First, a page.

Canku Ota

(Many Paths)

An Online Newsletter Celebrating Native America


June 2, 2001 - Issue 37



Keeping our Language Alive:
Hawaiian Success Story


by Dave Sullivan Northern News Services


Yellowknife - It's not too late to preserve aboriginal languages in the North, says a Hawaiian language advocate whose job is breathing life into a nearly extinct island language.

Namaka Rawlins runs a grassroots education movement that got started nearly 20 years ago, but only recently began to see results of an awakened aboriginal heritage in Hawaii.

Rawlins says there had been resentment there ever since the island's flourishing written and spoken language was banned in the wake of American annexation of the islands in 1893, which included the overthrow of a popular monarchy.

The number of aboriginal families on the islands, at 300,000, is overwhelmed by 1.2 million U.S. citizens without Hawaiian heritage.

Rawlins and other language advocates took action after realizing there were only about 600 elders living who could still speak Hawaiian.

"We were frustrated" at the disappearance of the language. The island's university was the only place to take a Hawaiian language course, Rawlins told about 200 people at Echoes of Language, a three-day conference earlier this month in Yellowknife. Her organization, Aha Punana Leo, started as a loose-knit group of parents 1983.

For years after that they fought the state government for permission to build a Hawaiian school, because the language ban was still on the law books.

It took a boycott of the public school system in 1986 to overturn the law, Rawlins said. The first class graduated two years ago.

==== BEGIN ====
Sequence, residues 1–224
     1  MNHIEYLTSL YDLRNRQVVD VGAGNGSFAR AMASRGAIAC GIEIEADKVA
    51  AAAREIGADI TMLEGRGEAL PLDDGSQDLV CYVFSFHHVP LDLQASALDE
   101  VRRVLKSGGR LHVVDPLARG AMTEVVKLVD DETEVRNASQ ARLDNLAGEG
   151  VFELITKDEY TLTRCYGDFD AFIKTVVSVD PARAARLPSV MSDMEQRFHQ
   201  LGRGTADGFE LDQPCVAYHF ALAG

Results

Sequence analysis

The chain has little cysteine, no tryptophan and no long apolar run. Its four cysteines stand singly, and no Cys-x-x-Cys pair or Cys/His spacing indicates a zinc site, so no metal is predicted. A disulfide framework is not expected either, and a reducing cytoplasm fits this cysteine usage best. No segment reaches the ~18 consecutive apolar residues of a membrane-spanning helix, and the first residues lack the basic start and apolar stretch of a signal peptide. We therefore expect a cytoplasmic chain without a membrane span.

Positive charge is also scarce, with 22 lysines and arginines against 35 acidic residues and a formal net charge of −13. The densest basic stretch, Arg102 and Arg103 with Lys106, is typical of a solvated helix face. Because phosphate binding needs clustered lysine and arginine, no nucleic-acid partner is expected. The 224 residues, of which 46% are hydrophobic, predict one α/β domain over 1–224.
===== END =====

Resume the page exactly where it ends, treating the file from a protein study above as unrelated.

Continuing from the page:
"We knew that for our language to be viable, we had to put it in the mouths of babies."

It took "sheer determination" by families determined to "move the government."

What began with eight children at a night school has expanded to 18 publicly-funded immersion schools with over 2000 students between kindergarten and Grade 12.

Rawlins emphasized that family involvement was the key to making the system work.

She said retaining the language helps preserve spiritual beliefs, traditional knowledge and "body movement, the way we stand."

The English curriculum is also taught, ensuring that graduates are fully bilingual.

Rawlins told delegates the next step is training the next generation of teachers.

In the NWT, aboriginal language courses are widely available in schools, mostly outside Yellowknife, said a spokesperson for the Department of Education.

Individual school boards and district education councils decide what level of native-language training should be taught, and GNWT provides funding, said assistant deputy minister Pauline Gordon.

Thanks to:

Haa Ai from Education Nunavut (EC&SS Division)


Aha Punana Leo
Aloha! Welcome to the Web site for 'Aha Pünana Leo, Inc. The 'Aha Pünana Leo is often said to have the most developed set of Native American language revitalization programs in the United States. Our organization assists Native Hawaiians and indigenous peoples world wide who share our quest to maintain and develop traditional languages and cultures for life today.


The Hawaiian Language Website
Ke Kahua Pûnaewele `Ôlelo Hawai`i




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